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Re: HELP - BUSPAR, part 2: total confusion! Janelle

Posted by SLS on December 3, 2003, at 20:59:21

In reply to HELP - BUSPAR, part 2: total confusion!, posted by Janelle on December 2, 2003, at 16:11:31

Hi Janelle.

You should be confused. I am too. There is nothing straight foward about serotoninergic neurotransmission.

I don't have much confidence in my own understanding of Buspar. I do know that Buspar (buspirone) was originally developed as an antidepressant, but was approved only for anxiety. Some doctors will use it to augment antidepressants.

I've given up trying to figure out how drugs work.

Buspar is known to do a few things that might or might not be relevant to its clinical profile. From what I remember, it:

1. Acts as a full agonist at presynaptic 5-HT1a receptors
- reduces the synthesis and release of serotonin
? reduces anxiogenic serotoninergic hyperactivity

"Schreiber and DeVry (62) hypothesized that the anxiolytic effects of 5-HT1A partial agonists result predominantly from an interaction with presynaptic 5-HT1A receptors, resulting in a decrease of hyperactive serotonergic neurotransmission" - Jeremy D. Coplan, Susan I. Wolk, and Donald F. Klein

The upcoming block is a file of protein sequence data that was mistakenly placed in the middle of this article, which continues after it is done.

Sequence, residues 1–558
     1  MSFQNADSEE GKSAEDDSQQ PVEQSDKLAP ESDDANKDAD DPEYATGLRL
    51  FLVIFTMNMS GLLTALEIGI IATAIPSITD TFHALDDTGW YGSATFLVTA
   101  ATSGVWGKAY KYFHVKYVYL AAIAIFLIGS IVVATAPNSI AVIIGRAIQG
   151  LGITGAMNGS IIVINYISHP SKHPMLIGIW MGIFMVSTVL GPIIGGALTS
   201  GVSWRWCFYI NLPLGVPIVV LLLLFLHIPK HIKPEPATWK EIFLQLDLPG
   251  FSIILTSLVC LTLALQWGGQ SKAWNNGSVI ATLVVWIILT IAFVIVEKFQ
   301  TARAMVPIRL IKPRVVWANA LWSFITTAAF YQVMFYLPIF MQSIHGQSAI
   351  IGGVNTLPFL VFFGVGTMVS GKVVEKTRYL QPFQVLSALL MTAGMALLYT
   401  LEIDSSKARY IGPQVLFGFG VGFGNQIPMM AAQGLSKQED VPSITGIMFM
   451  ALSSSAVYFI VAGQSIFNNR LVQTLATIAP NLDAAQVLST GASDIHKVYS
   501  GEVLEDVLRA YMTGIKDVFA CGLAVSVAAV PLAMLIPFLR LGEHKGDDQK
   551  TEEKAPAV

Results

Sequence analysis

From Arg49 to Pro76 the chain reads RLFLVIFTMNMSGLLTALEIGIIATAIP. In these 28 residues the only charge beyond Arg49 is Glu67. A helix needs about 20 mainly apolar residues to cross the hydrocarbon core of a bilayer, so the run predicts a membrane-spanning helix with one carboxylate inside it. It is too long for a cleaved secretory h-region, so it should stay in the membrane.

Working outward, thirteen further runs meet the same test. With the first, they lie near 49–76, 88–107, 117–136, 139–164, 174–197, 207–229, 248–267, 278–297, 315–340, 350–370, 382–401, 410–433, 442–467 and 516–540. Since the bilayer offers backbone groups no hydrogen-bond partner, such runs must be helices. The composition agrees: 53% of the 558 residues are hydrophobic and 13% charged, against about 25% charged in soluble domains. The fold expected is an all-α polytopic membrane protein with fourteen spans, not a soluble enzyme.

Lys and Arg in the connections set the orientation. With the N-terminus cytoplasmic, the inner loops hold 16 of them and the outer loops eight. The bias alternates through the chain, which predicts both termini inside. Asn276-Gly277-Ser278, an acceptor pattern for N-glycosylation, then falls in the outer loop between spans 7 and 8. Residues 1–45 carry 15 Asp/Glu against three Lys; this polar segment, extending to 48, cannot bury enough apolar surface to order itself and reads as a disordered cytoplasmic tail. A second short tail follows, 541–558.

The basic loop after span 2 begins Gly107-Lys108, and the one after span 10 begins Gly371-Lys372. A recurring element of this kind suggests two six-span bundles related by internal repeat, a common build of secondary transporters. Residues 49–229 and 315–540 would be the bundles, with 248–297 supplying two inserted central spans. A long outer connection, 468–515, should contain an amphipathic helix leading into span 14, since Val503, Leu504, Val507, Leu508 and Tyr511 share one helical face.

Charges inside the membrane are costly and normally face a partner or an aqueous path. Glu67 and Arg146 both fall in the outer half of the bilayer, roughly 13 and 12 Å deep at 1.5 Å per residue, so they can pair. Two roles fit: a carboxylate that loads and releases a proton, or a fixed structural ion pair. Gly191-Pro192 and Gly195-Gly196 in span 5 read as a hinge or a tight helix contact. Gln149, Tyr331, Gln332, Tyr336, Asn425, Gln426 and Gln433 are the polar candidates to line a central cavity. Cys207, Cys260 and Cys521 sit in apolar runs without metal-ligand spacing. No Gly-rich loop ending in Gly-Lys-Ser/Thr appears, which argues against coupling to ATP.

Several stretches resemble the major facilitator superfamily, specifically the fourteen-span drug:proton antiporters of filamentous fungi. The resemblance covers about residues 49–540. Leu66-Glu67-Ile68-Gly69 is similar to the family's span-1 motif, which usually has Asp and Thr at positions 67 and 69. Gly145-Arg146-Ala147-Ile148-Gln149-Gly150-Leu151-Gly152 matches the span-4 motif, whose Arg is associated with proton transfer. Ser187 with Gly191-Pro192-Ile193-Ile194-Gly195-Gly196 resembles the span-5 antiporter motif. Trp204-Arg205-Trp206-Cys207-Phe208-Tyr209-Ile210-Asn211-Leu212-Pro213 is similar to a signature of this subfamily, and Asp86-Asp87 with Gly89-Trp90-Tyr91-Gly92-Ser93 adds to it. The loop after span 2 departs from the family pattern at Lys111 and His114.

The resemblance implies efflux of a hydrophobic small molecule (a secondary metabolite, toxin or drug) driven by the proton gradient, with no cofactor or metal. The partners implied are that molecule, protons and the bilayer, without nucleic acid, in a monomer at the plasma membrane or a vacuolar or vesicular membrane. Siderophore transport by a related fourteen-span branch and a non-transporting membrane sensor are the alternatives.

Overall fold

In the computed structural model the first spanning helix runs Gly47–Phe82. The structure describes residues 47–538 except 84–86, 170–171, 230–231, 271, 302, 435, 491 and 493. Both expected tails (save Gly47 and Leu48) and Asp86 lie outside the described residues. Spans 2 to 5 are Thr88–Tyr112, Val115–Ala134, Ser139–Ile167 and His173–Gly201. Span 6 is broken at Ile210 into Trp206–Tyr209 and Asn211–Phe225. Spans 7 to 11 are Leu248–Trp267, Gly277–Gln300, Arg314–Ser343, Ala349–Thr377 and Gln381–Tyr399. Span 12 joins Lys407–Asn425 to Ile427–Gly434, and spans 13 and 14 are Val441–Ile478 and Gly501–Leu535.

2. Acts as a partial agonist at postsynaptic 5-HT1a receptors
- increases or decreases neuronal excitability, depending on location
- inhibits adenylate cyclase and reduces the formation of cAMP second messenger
? reduces postsynaptic desensitization

"Based on in vivo electrophysiological experiments, Blier et al. have postulated that 5HT1A partial agonists mediate antidepressant effects through a net increase in serotonergic neurotransmission following adaptive receptor changes." - Jeremy D. Coplan, Susan I. Wolk, and Donald F. Klein

* It should be noted that it takes 2-3 weeks for these adaptive changes to develop, which mirrors the time it takes for Buspar to demonstrate anxiolytic effects. As an augmentor of antidepressants, I don't know how long it takes to see results.


3. Acts as a moderate antagonist at dopamine D2 receptors.
- similar to neuroleptic antipsychotics
? acute sedative effects


This probably was not very helpful. Sorry.


- Scott

 

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